The question then, becomes, was anything Sam Walton did during this period unethical? Is there any part of the business plan that you think is evil or doesn’t serve society? At this point, he is barely a blip on the national radar. He is certainly prosperous, but given that he is in so much debt he can hardly afford to sleep at night, you wouldn’t know it. He has risked everything to build those handful of stores and, far from breaking any laws, I don’t see anything on that list that I think was immoral or unethical.
That means we have to move on to the modern day Wal-Mart Stores, Inc.
Part II – The Modern Day Wal-Mart
#1: Consolidate the Individual Stores Under One Company
The individual Wal-Mart partnerships ceased to exist and a new Wal-Mart Stores was formed, lowering costs further because there were only one set of tax filings, one set of accounting records, etc. Everyone knew this was going to someday lead to an IPO so the company could raise money, like countless firms before them.
The Question: Was it unethical to consolidate all of the individual businesses under one parent?
My Answer: Are you kidding! This was one of the best things ever. The managers, who owned their part of the company, voted on it and voted on the valuation. It was approved and it was easier on everyone. The customers weren’t affected at all. All of those managers who had the sense to hang on to their ownership are now obscenely rich.
At the same time, Walton was able to approach a major life insurance company and get one, giant loan to pay off all the overwhelming smaller debt he had, making the payment lower and reducing the stress he faced each day.
To get to this point took more than a decade. He is still just showing up in backwater towns in Missouri, Arkansas, Kansas, and the surrounding areas, building stores and doing what he loves.
#2: As the Company Expands, Get Tax Advantages from Local Communities to Build New Wal-Marts, Effectively Lowering Costs
When Wal-Mart builds new stores, they sometimes go to a community and get special dispensations such as not paying property tax or having roads built at public expense to service the new business. Of course, Wal-Mart does bring jobs to the community, as the argument goes.
The Question: Is it ethical to seek public financing to create new businesses in a community?
My Answer: This is the only thing about Wal-Mart Stores that I think someone can honestly argue might be considered unethical simply because the same type of deals aren’t available to smaller merchants. However, on the other hand, you have several truths such as:
- There is nothing stopping the smaller merchants from becoming larger merchants, just like Sam Walton did (I mean, my own extended family built a seven-figure sporting goods store that competed with Wal-Mart and made them a very comfortable living; they had no money or connections when it was founded so, frankly, to complain that it is impossible is the talk of incapable people bitching that there are more talented and harder working folks in the world. It’s not easy to do, but it can be done.)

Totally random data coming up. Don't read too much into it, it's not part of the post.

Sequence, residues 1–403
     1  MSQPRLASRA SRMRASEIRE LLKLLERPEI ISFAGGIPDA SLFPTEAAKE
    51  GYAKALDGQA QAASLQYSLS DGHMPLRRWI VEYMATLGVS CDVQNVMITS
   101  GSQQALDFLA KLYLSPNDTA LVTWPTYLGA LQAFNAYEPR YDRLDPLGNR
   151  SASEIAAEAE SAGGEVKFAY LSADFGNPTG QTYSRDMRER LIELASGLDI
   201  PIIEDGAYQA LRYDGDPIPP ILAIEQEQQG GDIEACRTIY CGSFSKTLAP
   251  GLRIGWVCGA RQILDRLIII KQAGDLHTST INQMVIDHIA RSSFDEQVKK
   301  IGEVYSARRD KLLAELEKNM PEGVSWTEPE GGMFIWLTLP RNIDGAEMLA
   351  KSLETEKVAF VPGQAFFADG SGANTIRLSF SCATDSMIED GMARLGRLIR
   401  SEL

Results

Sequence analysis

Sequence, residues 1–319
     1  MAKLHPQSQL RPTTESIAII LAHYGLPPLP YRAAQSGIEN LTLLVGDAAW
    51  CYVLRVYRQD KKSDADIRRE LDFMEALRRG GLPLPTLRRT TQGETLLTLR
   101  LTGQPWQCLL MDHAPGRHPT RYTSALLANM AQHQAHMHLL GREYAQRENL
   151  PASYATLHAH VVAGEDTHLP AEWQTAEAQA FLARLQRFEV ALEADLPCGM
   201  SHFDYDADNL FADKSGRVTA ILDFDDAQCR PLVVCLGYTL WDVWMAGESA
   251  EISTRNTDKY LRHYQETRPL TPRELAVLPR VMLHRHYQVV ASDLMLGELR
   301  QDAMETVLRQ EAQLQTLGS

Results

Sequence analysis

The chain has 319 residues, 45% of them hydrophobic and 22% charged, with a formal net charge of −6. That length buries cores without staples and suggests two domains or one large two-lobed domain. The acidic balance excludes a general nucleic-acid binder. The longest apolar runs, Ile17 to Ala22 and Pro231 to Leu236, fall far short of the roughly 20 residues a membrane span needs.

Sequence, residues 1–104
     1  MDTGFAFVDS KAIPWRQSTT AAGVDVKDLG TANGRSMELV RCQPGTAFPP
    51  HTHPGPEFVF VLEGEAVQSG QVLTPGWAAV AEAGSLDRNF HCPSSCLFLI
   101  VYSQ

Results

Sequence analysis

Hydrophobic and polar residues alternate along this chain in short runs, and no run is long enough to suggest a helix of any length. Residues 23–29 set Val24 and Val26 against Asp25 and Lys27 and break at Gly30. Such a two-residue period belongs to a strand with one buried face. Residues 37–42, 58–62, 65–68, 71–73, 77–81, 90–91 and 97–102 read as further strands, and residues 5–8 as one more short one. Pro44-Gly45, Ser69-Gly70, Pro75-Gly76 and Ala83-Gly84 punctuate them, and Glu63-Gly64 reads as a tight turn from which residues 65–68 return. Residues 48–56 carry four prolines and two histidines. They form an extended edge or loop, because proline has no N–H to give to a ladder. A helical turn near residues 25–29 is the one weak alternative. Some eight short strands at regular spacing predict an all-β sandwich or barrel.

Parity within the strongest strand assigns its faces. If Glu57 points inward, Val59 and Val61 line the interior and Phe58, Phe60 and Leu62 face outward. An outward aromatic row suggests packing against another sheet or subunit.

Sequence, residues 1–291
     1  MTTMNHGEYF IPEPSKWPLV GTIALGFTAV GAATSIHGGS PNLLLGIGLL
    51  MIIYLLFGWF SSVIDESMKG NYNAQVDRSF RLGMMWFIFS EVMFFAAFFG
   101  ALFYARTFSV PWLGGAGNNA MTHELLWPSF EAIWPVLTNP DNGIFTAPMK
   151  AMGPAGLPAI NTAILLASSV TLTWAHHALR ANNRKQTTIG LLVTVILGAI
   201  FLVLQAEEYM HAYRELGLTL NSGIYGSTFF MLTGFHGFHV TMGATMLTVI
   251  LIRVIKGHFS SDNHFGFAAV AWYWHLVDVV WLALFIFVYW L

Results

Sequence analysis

- The tax incentives are always handed out by publicly elected boards or appointed people accountable to publicly elected officials so, through the democratic process, people have the ability to say yes or no to a Wal-Mart coming to their community.
So this one, I can see someone arguing that this specific behavior crosses a line but, like I said, on the other hand the public is the one that chooses, through democracy, to give these incentives to attract business and anyone who is capable of building a large enough organization can get them for him or herself.
Part III – My Thoughts on Frequent Criticisms of Wal-Mart
They Don’t Pay Their Employees Enough
I feel incredibly strongly about this one. In fact, I have family members that work for Wal-Mart.
- If you have any drive or work ethic at all, you can work your way up the organization. The manager of a Wal-Mart Super Center is paid $90,000 to $100,000 per year plus the opportunity to earn a 0% to 100% bonus based upon store performance and the chance to take ownership in the company by purchasing shares of stock, just like Sam Walton did. You can get into that position within 15 years if you have any modicum of talent. If you aren’t there, it’s your own damned fault. From there, you can get into the higher company jobs, which pay really well.
- Why should someone be paid more than $22,000 per year for cleaning floors? That is a serious question. When I was young and had no skills or work experience, that is what I was paid. If I never progressed beyond that, it is what I would still be paid. In fact, Aaron started out as a janitor at a local factory, working during the summers. If he never went to college or never learned finance, people think he should be paid more – what – just because he’s been there a long time? What kind of inhumane, sick, twisted, sadistic world is it where men and women are able to demand something simply because of seniority? That is blasphemy.